Trump’s Conviction Is Doubly Abusive

Editor’s Note: In our founders’ time, it was common for those disfavored by the regime—especially high-ranking or ambitious politicians—to be deprived of their rights and their place in public affairs, without trial or recourse, by acts of the legislature known as “bills of attainder.” Our founders were so cautious of this particular form of treachery that they banned the practice not just in the U.S. Constitution but in every single one of the original state constitutions.

What the founders didn’t foresee, argues attorney Deion Kathawa, is the current predicament in which such abuses—like so much legislative business—would be absorbed by the other branches and carried out by political prosecutors in front of political judges. Donald Trump’s conviction serves the exact same purpose as these bills of attainder once did. That it is wrapped up in the creeping rule of the administrative state makes it doubly objectionable. The result, Kathawa argues, is a totalitarian threat somewhere between a Soviet show trial and a regression to the overreach that forced our revolution.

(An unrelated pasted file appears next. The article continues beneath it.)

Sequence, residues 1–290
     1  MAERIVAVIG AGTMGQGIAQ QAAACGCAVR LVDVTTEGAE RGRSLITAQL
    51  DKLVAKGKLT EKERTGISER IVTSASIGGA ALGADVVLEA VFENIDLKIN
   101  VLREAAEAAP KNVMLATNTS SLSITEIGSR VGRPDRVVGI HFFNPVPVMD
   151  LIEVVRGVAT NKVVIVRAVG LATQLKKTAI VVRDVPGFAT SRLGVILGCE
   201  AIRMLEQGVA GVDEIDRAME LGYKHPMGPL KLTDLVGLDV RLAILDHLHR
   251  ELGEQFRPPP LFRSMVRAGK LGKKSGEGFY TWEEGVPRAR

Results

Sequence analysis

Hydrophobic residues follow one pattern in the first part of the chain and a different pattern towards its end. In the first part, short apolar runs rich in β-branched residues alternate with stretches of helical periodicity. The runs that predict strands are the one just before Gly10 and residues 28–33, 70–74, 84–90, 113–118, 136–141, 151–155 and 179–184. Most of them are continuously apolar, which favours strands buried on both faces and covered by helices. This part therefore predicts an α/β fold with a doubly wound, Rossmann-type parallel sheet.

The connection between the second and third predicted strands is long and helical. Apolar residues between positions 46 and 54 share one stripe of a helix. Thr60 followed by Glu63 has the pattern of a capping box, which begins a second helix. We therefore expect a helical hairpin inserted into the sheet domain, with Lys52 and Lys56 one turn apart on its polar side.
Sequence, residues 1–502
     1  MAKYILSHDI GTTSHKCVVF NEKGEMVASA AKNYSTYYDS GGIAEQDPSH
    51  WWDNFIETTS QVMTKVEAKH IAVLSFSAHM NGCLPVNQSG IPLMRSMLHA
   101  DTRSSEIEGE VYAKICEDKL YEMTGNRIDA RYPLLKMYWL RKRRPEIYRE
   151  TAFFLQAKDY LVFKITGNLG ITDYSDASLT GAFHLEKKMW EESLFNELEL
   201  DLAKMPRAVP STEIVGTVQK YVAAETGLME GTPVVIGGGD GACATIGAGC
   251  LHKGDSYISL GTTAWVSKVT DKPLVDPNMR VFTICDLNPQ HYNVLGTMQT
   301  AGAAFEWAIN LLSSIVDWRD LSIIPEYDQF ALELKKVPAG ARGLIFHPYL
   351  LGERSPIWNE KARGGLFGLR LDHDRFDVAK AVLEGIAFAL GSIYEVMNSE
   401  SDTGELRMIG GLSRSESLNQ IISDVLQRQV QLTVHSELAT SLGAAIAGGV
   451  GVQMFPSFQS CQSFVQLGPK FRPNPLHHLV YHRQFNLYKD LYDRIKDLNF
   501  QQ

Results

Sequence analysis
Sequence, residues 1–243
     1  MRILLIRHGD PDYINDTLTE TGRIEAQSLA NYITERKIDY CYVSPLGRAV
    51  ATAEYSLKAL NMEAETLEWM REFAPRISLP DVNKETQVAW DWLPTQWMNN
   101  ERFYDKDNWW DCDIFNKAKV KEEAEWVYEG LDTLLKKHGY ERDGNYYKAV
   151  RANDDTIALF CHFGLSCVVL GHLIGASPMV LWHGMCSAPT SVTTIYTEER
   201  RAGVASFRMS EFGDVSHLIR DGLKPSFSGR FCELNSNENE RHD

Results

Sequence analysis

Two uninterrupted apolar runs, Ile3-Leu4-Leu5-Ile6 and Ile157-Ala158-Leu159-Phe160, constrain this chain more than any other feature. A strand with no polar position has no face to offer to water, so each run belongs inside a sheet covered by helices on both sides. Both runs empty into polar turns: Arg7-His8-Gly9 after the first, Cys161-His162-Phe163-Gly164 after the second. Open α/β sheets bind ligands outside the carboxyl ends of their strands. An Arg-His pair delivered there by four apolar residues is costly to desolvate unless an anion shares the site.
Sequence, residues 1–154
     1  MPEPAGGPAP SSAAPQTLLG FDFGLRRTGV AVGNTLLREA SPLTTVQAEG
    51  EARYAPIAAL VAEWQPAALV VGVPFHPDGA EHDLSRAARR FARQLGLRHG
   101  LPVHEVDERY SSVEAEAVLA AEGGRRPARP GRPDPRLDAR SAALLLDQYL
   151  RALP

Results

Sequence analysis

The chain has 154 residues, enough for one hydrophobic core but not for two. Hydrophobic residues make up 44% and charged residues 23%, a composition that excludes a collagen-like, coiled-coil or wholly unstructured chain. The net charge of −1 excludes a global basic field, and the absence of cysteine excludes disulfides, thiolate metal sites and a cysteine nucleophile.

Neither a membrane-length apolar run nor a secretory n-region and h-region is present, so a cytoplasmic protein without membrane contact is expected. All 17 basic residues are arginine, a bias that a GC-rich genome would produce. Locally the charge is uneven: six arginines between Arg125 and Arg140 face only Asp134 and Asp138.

Last year, Manhattan District Attorney Alvin Bragg filed in New York state court the so-called hush money case against Donald J. Trump. In brief, Trump was found “guilty” of making a $130,000 payment in the final weeks of the 2016 presidential race—via his former lawyer Michael Cohen (who himself pleaded guilty in 2018 to what the judge overseeing his case described as a “veritable smorgasbord of fraudulent conduct”)—to buy the silence of porn actress “Stormy Daniels,” who claimed that she and Trump had sex, all in an effort to interfere in the election, according to the prosecution.

For those who are understandably confused about the exact nature of Trump’s wrongdoing given that, in civil litigation, settlements paired with nondisclosure agreements are quite common, the supposed illegality is that when Cohen was reimbursed, the payments were recorded as legal expenses, which prosecutors contended was an unlawful attempt to mask the true purpose of the Trump-Daniels transaction—to influence the 2016 election.